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Alex's real story My name is Alexander Malkay Hayes. I live in Broome, Western Australia, with my partner, stepdaughter and extended family. I am actively involved in work across Aboriginal communities, and I am presently completing a PhD that examines the impact of emergent technology on humanity.

For many years I led a helter skelter life hiding a dark secret which, until recently, dictated the way I related with other people including my children and family. I find hope in seeking how to trust, grow, explore and reflect whilst I am firmly grounded in ‘booroo’ – country, as the most important thing in my life now.

About Alex’s story

In September 2014 I began writing about my life as a story and sharing it openly via Facebook. I had at that time decided to start living a life worth living, no more being what and who other people wanted me to be.

The reactions were astounding and a multitude of people de­friended me or attacked me outright. Since then I have received thousands of emails, some letters and many new connections that indicate one thing.

When we speak openly (our truth) we must be prepared to grow with the consequences of having done so.

I decided to call it my #realstory

I had little idea that it would span 202 pages, 28 chapters and 32,418 words written over a three month period.

Most importantly, I encourage you to speak, write and share your own story openly with the world.

Foreword

From as early as I can recall, I have struggled to comprehend how one human can treat another without empathy or care, in some cases purposefully compromising another person’s well being.

I soon discovered that for those who are strong enough, life presents us with challenges to endure, to work through and to further grow our character. As luck would have it I was presented with experiences over three decades that have forged who I am, now spoken, no longer solely dictating my thoughts nor eroding my trust in others.

In my case, writing this down has enabled me to get back my story, to regain my dignity, draw boundaries with others. I speak out in the hope that I can inspire others to tell their story and to keep on sharing it widely, always.

The greatest gift we can give is in listening with empathy to others.

To trust, is the greatest gift we can give to ourselves.

Alex’s real story

Alex’s #realstory is available as a PDF for download [PDF Document 15.5 MB], or you can preview it below.

Alex's Real Story

 

Video presentation

Living Well interviews Alex

Why have you chosen to share your story?
I have chosen to share my story in the hope that it will give others the catalyst for their own courage to arise, so they might find voice to speak their own story. I chose also to share my story to demonstrate the capacity of forgiveness, and the ability of hope to heal.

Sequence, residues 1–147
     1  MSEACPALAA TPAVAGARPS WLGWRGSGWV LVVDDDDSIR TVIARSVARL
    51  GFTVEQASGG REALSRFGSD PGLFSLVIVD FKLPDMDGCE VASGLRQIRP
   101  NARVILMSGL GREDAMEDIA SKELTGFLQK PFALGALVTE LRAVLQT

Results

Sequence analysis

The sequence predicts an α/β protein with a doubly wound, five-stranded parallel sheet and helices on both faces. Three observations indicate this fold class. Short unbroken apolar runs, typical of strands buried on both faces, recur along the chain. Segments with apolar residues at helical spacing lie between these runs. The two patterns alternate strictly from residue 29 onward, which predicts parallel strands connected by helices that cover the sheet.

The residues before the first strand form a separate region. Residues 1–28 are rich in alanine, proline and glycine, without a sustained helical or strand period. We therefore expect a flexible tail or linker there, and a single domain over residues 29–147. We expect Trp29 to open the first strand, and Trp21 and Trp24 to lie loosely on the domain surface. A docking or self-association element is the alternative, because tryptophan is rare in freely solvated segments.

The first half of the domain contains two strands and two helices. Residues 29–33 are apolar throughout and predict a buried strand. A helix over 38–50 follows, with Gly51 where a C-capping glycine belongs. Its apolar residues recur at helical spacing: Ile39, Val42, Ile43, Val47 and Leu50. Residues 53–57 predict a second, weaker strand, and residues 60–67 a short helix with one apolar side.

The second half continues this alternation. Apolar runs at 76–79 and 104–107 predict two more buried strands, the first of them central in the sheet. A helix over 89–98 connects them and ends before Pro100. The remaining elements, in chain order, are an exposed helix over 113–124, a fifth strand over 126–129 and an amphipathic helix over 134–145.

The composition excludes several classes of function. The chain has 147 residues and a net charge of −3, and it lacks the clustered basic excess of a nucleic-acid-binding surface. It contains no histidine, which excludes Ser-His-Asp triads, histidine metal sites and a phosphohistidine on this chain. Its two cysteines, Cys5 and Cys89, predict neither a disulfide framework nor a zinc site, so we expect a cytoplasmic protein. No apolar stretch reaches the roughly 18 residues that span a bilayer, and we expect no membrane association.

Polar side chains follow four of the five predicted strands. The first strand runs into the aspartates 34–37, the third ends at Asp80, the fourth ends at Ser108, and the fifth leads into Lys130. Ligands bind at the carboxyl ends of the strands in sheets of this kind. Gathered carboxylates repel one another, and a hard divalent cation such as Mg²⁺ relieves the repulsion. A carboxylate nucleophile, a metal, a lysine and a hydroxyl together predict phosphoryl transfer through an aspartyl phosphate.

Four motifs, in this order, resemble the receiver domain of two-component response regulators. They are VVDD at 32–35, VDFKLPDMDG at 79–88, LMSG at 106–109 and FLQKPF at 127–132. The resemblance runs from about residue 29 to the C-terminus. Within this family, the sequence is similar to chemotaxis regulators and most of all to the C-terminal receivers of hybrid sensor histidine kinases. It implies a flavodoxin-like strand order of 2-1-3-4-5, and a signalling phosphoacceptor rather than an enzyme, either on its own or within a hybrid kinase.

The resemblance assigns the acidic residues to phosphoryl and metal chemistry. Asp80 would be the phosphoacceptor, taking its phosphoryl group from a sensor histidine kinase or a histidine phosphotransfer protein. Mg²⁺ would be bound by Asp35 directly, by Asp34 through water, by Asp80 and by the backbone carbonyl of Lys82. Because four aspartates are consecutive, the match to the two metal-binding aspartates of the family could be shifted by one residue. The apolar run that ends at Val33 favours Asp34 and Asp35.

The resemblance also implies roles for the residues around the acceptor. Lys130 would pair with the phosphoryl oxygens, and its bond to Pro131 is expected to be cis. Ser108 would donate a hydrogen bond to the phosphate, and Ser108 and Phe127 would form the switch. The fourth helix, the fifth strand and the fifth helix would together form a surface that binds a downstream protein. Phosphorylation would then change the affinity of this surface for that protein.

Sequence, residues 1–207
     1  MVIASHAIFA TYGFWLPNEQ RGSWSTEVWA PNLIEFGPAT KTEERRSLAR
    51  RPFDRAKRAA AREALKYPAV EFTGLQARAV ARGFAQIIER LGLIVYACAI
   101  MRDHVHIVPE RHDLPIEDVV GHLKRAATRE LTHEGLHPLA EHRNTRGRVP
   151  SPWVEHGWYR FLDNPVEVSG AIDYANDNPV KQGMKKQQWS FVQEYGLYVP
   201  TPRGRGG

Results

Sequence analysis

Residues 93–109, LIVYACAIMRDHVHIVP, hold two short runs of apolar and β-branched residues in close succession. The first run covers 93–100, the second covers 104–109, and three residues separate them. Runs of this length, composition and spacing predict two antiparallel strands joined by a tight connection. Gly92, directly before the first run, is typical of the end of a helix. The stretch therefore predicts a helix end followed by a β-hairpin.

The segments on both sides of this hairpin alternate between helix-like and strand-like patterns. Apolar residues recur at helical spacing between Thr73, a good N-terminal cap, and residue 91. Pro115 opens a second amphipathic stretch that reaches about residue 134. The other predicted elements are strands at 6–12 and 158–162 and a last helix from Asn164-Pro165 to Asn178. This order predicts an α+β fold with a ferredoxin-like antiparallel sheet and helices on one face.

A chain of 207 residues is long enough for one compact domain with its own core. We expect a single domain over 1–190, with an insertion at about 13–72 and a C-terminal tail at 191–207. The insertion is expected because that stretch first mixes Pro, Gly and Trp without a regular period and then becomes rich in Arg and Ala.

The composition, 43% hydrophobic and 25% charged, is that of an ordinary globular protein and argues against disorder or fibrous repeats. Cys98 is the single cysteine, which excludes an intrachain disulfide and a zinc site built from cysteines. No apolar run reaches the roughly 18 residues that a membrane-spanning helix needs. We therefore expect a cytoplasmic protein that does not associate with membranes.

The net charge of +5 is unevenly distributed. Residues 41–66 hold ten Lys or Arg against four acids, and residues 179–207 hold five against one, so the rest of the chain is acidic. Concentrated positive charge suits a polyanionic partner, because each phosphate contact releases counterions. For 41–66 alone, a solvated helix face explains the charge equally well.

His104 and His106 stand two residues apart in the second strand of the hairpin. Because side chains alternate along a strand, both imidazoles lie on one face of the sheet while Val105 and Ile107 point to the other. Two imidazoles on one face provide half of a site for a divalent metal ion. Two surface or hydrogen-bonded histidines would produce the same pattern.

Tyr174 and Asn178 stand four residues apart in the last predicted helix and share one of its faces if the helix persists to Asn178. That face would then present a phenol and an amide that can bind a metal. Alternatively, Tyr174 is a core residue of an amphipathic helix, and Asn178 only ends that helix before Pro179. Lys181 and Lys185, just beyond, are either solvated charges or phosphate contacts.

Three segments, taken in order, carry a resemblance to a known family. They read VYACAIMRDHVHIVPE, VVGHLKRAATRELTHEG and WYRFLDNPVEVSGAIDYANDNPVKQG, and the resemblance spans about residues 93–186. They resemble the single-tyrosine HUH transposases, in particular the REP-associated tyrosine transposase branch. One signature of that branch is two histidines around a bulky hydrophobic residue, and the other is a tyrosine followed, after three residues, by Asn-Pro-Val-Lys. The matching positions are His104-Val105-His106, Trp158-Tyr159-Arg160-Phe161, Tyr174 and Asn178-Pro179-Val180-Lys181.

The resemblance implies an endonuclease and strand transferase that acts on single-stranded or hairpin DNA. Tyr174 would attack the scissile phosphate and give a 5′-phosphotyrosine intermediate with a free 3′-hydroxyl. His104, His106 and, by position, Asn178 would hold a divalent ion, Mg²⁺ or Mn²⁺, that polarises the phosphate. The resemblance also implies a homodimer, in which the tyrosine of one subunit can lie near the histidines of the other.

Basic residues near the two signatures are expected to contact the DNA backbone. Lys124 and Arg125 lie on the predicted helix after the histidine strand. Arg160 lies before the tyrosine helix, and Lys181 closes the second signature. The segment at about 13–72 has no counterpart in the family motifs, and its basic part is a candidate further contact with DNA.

What have you learned and found useful in getting and keeping your life on track?
I have found that a focus on patterns that are grounded in positive well being as being helpful through even the darkest of times. The understanding that country and place is THE most important core to our humanity means I always have hope and strength which transcends any other mechanism of self help or psychological intervention to date. I recognise that community, a sense of being part of a greater good, keeps my life on track.

What words of encouragement and support would you offer to other men who have experienced childhood sexual abuse?
I would encourage those who have experienced childhood sexual abuse to find the courage to speak out their story in all its lurid detail, to report criminal historical crimes, to know that doing so will save the lives of others. I would offer those men the greatest hope of all, that you are and will be BELIEVED. The greatest gift we can give to ourselves is firmly grounded in our capacity to trust in that process.

From Alex’s story, a few things that he found made it easier to “let go” in life, and that he tries to live his life by:

  • This is your world your one chance to get it right.
  • If it isn’t at all affirmative think seriously or refrain from saying it.
  • Allow still and silent moments to come into conversations that are emotional or filled with hurt.
  • Put downs, bitching, derogatory language get you nowhere in life.
  • Speak your gratitude to people who treat you well and in life treat others well.
  • Cry and let go as often as you want it is your space and yours alone.
  • Wake up and take a deep breath in through your nose and out through your mouth…you are alive and well and can let go of forgetting to be conscious even to breathing in your wakeful state.
  • Be mindful and above all do no harm.

 

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